Cr Greg Sayers
Rural ratepayers are being robbed blind by the Auckland Supercity, while allowing carcinogenic rural roads to remain unsealed, according to Rodney Councillor Greg Sayers.
Cr Sayers made claim after securing figures from the Auckland Council that show Rodney rural landowners pay $38 million in rates but only $1.22 million is invested back to seal Rodney’s roads.
“After exhaustive effort I have been able to source Rodney’s rate-take figures,” he says.
According to Sayers, the $1.22 million currently allocated to road sealing is bolstered by borrowings to make a total of $3.3 million for sealing projects each year.
But Cr Sayers says this is hopelessly inadequate.
He is calling for a tripling of the road sealing budget from $3.3 million to $10 million a year for the next 10 years.
Cr Sayers says that rural rates are being siphoned off to the CBD to compensate for what he calls Auckland Council’s continued overspending and wastage of money.
Meanwhile, local residents are left exposed to serious health and safety issues, he says.
“Rural roads have become both a safety and a health issue because, being unsealed, the dust particles generated when driving on them get breathed-in and have been classified as a probable carcinogen,” he says.
Figures supplied to Greg Sayers by Auckland Council. Watercare charges a separate fee for water supply and sewage treatment.
Last December, Mahurangi Matters reported on a New Zealand Transport Agency study, which monitored an unsealed road in the far North and found dust particles known to cause respiratory and cardiovascular morbidity, including lung cancer.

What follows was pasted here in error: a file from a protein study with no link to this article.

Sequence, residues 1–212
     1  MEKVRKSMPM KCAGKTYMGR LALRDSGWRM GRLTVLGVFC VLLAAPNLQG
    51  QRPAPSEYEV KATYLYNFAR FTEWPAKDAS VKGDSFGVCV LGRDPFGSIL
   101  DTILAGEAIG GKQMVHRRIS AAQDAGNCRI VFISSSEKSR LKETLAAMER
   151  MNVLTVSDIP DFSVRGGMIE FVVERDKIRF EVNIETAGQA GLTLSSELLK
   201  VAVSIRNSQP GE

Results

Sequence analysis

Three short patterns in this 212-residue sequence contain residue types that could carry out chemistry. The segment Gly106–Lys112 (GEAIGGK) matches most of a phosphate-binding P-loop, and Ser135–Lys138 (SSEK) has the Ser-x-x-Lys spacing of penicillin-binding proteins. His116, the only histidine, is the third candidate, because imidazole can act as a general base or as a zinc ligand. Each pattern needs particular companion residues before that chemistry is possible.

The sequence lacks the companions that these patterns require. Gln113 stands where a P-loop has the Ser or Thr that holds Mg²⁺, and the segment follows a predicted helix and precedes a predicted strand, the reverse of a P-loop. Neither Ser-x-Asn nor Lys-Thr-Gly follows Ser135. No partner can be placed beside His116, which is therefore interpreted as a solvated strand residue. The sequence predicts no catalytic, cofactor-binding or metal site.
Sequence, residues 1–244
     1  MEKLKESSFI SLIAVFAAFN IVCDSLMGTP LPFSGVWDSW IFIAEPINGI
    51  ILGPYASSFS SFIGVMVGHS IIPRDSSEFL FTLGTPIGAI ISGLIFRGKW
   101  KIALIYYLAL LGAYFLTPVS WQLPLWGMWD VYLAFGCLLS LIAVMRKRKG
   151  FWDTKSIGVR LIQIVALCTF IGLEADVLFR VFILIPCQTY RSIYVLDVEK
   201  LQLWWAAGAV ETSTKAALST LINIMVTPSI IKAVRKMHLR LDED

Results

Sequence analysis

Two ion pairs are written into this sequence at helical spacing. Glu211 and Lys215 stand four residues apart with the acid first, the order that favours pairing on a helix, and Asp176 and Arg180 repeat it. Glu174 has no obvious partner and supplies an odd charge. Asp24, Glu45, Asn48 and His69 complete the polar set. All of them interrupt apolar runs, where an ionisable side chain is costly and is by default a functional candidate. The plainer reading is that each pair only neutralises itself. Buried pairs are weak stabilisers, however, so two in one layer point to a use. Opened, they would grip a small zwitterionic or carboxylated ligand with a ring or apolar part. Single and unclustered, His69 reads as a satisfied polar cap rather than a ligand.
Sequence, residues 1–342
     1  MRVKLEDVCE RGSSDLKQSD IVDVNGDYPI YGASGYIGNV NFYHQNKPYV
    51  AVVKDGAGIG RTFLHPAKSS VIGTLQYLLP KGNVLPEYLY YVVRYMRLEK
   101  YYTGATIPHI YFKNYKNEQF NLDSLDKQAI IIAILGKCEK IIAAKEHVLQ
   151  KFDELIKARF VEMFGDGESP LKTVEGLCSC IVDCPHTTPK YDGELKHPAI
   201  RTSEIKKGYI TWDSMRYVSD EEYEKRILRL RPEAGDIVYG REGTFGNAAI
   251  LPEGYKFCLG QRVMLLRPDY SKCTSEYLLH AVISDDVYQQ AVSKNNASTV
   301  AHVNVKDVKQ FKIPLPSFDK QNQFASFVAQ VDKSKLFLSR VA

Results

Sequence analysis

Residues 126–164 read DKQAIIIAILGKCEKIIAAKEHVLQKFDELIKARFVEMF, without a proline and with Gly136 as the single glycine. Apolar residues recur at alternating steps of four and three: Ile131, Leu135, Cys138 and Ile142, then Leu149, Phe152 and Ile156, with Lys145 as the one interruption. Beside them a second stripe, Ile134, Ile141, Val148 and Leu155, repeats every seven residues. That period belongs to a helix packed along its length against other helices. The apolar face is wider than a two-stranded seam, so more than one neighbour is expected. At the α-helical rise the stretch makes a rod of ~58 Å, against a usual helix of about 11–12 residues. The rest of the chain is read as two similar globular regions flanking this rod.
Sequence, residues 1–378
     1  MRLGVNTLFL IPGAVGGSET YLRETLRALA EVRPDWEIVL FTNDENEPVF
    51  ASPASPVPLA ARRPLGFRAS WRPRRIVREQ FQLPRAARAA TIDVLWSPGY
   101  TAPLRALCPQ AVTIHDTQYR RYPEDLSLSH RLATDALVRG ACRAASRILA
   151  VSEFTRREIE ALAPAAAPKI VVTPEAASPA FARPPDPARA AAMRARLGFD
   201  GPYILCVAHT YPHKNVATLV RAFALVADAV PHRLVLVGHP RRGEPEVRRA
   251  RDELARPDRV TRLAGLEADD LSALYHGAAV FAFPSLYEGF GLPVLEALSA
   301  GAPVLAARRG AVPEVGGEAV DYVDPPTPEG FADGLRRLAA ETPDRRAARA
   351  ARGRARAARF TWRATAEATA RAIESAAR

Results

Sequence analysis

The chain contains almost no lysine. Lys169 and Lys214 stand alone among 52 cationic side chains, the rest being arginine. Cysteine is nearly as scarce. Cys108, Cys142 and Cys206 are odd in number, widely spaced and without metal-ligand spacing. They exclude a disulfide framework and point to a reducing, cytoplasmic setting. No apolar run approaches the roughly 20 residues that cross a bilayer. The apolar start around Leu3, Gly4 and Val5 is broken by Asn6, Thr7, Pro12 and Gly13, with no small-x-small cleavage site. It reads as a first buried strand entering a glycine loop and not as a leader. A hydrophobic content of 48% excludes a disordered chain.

Cr Sayers says these health findings have generated little sympathy from Auckland Council.
“I am often told that my constituents chose to live in the country, like somehow not choosing to live in the CBD makes them less worthy. I see no reason why they should not have the same health protection as their urban counterparts,” he.
“Rural people realise the importance of contributing towards wider civic services. However, Council needs to stop milking such a huge percentage of the rates away from local needs.”
In response to Cr Sayers concerns, Auckland Mayor Phil Goff says Auckland Transport is trying to progressively expand the number of roads within the Auckland region that are sealed. However, financial constraints mean the process will take time.
A targeted rate for road sealing might be the answer.
“Franklin tackled this problem years ago, prior to amalgamation, by using a targeted rate to seal nearly all of the significant roads in the district,” Mr Goff says.
He adds that statements about Rodney missing out need to be backed up by evidence.
Mr Goff says the Morrison Low report, a recent independent consultant’s assessment, says that if Rodney were to become a unitary authority, then Rodney’s rates would need to increase by 48 per cent.
Mr Goff declined to respond when it was suggested that the “paltry” $1.22 million invested in road sealing, from a rural rate take of $38 million, was, in fact, evidence that Rodney was missing out.